The Power of the Entrepreneurial Family

Lauri Union

At 27 and fresh out of business school, Lauri Union took over her family’s business, Union Corrugating Company. The company was not doing well, and her charge was to turn it around so it could be sold.

“I intended to never get involved, but the business was at a crisis point,” says Union. “It ended up being a fabulous opportunity.”

Union held the position of president and CEO for 14 years, growing the family business many times over before it was sold to a private equity firm. Through that experience, she became passionate about helping other family businesses grow and prosper. “You don’t have to go into your family’s business,” says Union, “but if you understand your family’s entrepreneurial legacy, you can use that to achieve your own goals.”

That passion for family entrepreneurship eventually brought Union to a place founded on the very idea of helping families in business together: Babson. And her work at the College has resulted recently in her being named one of The Top 100 Family Influencers, a prestigious honor from Family Capital, a leading family enterprise publication.

A Force for Positive Change

Union came to Babson in 2018 as the College was launching the Institute for Family Entrepreneurship. IFE is Babson’s hub for research, resources, and programming dedicated to entrepreneurial students and their families. Its mission is to increase the capacity of enterprising families around the world to create economic value and social impact, and to build those efforts on a foundation of stronger family relationships.

Union serves as IFE’s Nulsen Family Executive Director, and she believes that the institute’s work has far-reaching implications. Half of Babson’s community has a family business background, and, beyond the College, entrepreneurial families drive more than 70% of global GDP. “We see so many challenges and opportunities in the world today,” says Union. “These families, and, in particular, their next generations, are one of the greatest forces for driving positive change.”

One of IFE’s signature programs is the Family Entrepreneurship Amplifier: Entrepreneurial Families Course. Created and led by Matt Allen, associate professor of entrepreneurship, the immersive program engages students, along with their families, during their entire time at Babson. Students and their families learn how they can create value together through increased understanding of each other and a shared vision of their family’s entrepreneurship.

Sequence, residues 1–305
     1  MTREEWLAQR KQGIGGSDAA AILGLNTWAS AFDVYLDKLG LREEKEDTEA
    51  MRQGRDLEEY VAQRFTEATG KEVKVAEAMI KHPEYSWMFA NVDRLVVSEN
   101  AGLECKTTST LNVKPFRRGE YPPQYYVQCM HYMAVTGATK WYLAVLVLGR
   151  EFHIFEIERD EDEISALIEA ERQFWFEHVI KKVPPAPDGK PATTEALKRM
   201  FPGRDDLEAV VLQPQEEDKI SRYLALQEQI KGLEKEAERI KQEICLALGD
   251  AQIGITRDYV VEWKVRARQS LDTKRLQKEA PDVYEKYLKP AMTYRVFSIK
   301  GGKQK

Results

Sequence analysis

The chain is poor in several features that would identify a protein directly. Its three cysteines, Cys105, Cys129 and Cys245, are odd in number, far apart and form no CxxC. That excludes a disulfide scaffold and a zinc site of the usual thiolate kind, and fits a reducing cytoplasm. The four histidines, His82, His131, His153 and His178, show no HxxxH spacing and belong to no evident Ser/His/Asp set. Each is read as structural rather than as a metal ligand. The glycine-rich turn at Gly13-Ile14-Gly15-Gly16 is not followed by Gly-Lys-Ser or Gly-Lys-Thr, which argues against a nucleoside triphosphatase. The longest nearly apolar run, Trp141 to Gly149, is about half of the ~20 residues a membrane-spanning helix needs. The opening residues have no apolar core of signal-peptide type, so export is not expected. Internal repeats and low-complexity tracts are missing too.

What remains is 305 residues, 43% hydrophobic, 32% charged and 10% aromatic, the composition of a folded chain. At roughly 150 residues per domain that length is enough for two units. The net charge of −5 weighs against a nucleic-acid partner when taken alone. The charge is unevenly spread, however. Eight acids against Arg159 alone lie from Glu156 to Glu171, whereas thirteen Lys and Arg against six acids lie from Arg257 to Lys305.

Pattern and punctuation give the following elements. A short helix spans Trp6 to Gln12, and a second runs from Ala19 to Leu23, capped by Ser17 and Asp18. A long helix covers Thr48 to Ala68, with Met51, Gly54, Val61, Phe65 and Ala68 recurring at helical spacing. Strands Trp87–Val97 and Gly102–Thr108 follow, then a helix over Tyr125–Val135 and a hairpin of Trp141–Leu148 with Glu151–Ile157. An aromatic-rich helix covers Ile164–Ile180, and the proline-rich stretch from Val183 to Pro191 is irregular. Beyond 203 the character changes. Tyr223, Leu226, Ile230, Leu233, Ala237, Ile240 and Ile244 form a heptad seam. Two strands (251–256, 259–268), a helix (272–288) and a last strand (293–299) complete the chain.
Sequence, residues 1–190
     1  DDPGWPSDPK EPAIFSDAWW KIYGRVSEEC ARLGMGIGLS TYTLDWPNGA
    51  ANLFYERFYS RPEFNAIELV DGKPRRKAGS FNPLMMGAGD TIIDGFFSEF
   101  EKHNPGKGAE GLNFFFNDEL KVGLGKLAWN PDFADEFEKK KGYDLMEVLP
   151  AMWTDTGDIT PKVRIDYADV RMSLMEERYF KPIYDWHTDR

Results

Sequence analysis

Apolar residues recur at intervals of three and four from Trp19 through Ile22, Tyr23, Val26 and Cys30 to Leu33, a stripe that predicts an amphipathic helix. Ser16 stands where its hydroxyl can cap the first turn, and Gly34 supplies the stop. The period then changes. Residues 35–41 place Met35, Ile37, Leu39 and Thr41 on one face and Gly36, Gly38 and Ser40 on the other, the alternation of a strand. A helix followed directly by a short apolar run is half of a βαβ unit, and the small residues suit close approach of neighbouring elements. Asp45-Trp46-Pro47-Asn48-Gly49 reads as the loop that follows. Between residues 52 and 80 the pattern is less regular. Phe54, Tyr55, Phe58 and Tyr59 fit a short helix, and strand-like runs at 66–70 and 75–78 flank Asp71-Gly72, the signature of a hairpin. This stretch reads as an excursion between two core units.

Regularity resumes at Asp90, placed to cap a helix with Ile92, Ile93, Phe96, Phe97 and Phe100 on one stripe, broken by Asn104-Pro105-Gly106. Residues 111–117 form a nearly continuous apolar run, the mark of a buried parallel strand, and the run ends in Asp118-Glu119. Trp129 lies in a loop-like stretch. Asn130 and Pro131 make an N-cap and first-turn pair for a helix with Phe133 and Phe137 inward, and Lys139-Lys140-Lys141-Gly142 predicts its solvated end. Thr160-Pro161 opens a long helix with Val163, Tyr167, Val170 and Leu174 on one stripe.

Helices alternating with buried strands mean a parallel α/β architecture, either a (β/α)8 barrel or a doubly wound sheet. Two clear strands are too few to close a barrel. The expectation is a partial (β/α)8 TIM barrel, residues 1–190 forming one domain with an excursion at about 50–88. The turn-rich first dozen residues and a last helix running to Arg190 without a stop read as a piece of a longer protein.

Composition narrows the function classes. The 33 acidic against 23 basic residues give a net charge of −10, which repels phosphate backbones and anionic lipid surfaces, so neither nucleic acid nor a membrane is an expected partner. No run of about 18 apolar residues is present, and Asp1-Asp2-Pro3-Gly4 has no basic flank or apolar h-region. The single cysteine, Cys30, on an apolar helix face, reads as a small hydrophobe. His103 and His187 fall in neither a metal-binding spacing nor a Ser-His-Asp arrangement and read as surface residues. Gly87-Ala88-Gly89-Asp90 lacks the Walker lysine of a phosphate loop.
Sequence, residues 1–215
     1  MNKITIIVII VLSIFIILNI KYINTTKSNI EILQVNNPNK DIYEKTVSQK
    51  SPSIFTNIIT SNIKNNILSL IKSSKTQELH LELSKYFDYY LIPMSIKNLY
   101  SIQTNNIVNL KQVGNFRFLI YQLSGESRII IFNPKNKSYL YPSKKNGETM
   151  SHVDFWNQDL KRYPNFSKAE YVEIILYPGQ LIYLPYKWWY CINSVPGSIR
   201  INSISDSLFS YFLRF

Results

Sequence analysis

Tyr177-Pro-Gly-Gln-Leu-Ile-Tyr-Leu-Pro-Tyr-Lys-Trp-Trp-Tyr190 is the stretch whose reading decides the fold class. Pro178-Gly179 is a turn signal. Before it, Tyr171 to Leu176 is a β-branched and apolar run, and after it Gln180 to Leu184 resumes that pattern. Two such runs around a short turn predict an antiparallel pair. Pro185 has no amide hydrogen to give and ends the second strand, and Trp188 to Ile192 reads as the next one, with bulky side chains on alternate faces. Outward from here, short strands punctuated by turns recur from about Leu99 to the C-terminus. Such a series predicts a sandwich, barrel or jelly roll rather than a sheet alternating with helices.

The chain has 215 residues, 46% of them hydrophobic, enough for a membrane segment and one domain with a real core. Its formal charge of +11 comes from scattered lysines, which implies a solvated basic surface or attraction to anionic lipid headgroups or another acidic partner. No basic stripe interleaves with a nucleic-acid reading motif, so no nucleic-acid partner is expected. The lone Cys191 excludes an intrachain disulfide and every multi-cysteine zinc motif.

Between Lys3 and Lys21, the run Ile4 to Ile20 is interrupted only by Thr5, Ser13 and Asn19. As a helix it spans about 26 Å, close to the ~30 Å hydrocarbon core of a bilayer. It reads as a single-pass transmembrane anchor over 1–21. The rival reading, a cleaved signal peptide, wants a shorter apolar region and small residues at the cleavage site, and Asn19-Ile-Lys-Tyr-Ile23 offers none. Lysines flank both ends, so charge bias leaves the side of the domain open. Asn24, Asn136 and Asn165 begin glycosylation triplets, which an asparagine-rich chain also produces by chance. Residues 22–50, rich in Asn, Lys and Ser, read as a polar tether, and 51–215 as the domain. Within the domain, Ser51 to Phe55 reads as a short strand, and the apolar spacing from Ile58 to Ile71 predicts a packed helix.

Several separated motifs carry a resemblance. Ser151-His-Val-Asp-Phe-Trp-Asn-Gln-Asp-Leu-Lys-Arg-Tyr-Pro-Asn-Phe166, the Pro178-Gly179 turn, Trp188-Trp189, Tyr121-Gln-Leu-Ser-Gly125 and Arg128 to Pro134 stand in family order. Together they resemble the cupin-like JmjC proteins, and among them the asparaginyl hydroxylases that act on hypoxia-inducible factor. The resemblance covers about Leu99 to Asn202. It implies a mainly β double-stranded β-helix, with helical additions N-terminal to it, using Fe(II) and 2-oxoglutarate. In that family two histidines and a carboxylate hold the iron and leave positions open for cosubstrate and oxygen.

“We see so many challenges and opportunities in the world today. These families, and, in particular, their next generations, are one of the greatest forces for driving positive change.”

Lauri Union, Nulsen Family Executive Director of the Institute for Family Entrepreneurship

Since launching in 2018 with a pilot cohort of 20 students and their families, the program has grown substantially. Today, more than 100 students, together with their families, have taken part. “This is something no one else is doing in an academic setting,” says Union.

Another signature program is the Peer Forum, which helps students build the emotional intelligence needed to successfully navigate family entrepreneurship. Because of the pandemic, IFE also has hosted nine virtual events since March in its series How Entrepreneurial Families Can Lead, Now and in the Post Crisis World. Some 600 members of the Babson community have participated in the series. “There is a want and a need for the work that we are doing,” says Union.

A Worthy Recognition

Considering all that IFE has accomplished, Union was recognized by Family Capital as among The Top 100 Family Influencers, and she was one of only 13 academics named on the prestigious list. Union says the honor reflects not only her efforts but that of the entire IFE team. “To me, this means that the work of Babson’s faculty in this field has been recognized because of our unique approach,” says Union.

That unique approach focuses on how families can create social and economic value through a foundation of stronger family relationships. “This is quite different than the more common family business approach, which tends to focus on the structural questions such as succession planning, governance, and ownership,” says Union. “We do believe those topics are important, but we see relationships as the missing link that fosters the capacity of families to problem solve together.”

That enables families to think beyond their existing business to consider other opportunities that they could pursue. “It opens the door for new kinds of value creation through startups, transformation of existing businesses, social entrepreneurship, philanthropy, and more that many members of the family can engage in,” says Union.

This article was originally published in April 2019. 

Posted in Campus & Community

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